After obtaining written informed consent and registering the trial in the local registry at Sahid Behesti University of Medical Sciences, initial screening of patients referred to our center was performed. Included patients were randomly assigned to either MLC601 arm consisting of treatment with MLC601 capsules (NeuroAiD™; 0.4 g per capsule) or control arm consisting of treatment with identical-appearance placebo capsules. In each group, every patient received one capsule three times a day in addition to their prescribed medications, and no modification was made in their treatment regimen.

MLC601 capsules included nine herbal components and five non-herbal components.12 The visually identical placebo capsules contained inert substances (dried ripe fruits, flour) with no active therapeutic effect. Each patient received capsules in containers labeled with their name and allocated number. Randomization was conducted using computer-generated protocol.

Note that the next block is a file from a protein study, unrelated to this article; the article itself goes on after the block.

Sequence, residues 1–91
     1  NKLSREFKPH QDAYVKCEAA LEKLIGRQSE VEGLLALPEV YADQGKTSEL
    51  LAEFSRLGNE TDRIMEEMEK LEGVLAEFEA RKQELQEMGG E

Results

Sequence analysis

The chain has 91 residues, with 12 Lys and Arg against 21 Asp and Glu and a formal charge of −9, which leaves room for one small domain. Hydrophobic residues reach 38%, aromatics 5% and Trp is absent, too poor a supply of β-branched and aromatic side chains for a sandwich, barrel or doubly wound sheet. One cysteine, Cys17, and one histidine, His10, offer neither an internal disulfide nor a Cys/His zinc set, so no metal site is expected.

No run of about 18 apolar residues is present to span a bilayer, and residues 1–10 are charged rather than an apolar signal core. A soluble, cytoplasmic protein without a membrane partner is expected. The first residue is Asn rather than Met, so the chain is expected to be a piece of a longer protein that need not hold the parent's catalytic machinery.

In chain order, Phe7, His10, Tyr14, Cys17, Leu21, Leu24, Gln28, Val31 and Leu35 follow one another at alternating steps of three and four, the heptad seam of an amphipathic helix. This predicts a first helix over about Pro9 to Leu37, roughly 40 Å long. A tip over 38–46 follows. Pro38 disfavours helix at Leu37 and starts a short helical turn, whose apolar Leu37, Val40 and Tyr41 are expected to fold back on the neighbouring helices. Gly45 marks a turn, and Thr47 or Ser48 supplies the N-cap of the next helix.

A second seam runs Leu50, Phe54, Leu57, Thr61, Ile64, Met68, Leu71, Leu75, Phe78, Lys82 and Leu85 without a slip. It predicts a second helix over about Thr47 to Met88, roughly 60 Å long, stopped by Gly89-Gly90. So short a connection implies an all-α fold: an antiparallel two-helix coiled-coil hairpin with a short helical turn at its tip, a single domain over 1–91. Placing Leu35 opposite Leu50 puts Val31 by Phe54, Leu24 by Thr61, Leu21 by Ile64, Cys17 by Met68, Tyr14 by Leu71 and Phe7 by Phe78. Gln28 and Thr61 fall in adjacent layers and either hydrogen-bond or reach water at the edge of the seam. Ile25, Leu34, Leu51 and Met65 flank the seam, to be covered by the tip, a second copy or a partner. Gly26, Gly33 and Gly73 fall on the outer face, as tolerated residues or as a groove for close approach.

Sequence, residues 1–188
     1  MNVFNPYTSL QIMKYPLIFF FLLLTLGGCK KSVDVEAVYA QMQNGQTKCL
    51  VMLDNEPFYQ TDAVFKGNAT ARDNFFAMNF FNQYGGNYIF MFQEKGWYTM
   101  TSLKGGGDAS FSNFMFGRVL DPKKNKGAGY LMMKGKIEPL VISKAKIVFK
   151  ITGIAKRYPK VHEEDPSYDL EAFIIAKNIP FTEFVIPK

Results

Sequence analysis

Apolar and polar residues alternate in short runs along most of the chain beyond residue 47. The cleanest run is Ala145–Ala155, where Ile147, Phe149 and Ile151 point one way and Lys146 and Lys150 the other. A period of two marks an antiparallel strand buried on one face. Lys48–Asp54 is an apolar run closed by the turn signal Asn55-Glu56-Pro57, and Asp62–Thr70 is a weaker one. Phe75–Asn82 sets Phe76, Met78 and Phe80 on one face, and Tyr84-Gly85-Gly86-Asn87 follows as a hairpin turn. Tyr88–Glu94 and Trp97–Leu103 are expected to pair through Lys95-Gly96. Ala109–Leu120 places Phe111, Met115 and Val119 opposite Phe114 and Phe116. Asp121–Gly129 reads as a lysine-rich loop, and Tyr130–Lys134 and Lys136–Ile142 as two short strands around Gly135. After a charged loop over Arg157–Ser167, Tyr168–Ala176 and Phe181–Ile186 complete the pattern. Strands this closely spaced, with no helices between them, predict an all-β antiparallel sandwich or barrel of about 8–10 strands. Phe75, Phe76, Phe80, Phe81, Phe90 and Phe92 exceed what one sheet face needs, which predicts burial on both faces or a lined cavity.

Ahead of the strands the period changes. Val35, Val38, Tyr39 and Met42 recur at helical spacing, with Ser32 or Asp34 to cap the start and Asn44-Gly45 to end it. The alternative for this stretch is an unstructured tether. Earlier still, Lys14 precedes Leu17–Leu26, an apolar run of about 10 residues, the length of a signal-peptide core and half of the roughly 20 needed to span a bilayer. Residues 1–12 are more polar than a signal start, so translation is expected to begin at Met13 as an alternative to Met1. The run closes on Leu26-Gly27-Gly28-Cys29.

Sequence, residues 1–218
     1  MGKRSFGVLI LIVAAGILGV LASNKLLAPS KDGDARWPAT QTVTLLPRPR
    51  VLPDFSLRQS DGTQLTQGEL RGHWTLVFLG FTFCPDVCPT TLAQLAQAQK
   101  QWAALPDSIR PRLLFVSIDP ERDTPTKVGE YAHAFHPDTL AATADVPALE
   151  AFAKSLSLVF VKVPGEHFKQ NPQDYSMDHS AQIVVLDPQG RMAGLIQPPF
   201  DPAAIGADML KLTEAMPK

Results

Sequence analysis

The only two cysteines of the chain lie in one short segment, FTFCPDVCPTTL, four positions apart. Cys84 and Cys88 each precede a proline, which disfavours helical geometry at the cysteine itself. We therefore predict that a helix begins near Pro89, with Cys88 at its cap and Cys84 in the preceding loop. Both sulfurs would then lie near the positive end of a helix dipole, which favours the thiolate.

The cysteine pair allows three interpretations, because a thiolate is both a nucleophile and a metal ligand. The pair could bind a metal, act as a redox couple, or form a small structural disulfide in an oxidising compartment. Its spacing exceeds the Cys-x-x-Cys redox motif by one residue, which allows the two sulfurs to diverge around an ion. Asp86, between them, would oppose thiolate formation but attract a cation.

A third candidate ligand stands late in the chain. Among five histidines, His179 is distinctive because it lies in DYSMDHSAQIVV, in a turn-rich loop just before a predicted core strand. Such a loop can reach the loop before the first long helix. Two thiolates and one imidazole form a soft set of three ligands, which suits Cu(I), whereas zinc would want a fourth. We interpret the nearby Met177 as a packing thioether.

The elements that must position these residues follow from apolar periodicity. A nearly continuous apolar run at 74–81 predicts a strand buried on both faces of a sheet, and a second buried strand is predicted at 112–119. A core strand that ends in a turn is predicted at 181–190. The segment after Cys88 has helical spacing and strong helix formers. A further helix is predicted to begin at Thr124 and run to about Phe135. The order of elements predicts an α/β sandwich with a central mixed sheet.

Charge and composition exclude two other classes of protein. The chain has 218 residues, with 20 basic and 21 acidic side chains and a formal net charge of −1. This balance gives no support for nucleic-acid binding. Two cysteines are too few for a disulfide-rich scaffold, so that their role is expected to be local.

Patients, caregivers, and investigators involved in the study were blinded to the treatment groups. Demographic and clinical characteristics of the patients were documented at baseline. Patients were assessed at baseline and subsequent months 6, 12, 18, and 24. During clinical visits, patients underwent an evaluation: physical examination including thorough neurological examination, and cognitive function assessments. Additionally, laboratory tests assessments including blood count, renal function test, and liver function test, as well as adverse events monitoring were conducted during follow-up visits.